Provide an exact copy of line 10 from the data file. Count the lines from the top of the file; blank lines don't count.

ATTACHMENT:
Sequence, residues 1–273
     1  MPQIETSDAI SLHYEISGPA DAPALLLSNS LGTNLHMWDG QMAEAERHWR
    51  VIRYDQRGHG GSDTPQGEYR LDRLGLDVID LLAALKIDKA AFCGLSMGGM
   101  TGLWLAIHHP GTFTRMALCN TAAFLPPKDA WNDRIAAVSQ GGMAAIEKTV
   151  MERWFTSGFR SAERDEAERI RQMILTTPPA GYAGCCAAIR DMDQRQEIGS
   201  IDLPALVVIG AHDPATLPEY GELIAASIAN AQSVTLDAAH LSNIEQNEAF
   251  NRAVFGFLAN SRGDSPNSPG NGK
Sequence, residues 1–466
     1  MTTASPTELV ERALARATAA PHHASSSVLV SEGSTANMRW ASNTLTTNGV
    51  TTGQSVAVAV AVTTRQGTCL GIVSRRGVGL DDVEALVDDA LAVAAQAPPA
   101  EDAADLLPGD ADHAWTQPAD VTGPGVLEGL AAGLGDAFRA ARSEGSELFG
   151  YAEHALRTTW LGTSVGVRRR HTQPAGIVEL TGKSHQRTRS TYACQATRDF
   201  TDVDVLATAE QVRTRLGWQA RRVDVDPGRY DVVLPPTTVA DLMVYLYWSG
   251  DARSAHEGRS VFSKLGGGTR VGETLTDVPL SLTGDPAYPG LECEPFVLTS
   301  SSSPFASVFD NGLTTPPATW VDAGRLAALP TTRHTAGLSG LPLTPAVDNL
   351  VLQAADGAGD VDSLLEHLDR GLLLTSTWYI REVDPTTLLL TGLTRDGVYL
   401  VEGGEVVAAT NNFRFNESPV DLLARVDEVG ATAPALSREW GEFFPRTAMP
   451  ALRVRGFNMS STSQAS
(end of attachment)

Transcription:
    51  TTGQSVAVAV AVTTRQGTCL GIVSRRGVGL DDVEALVDDA LAVAAQAPPA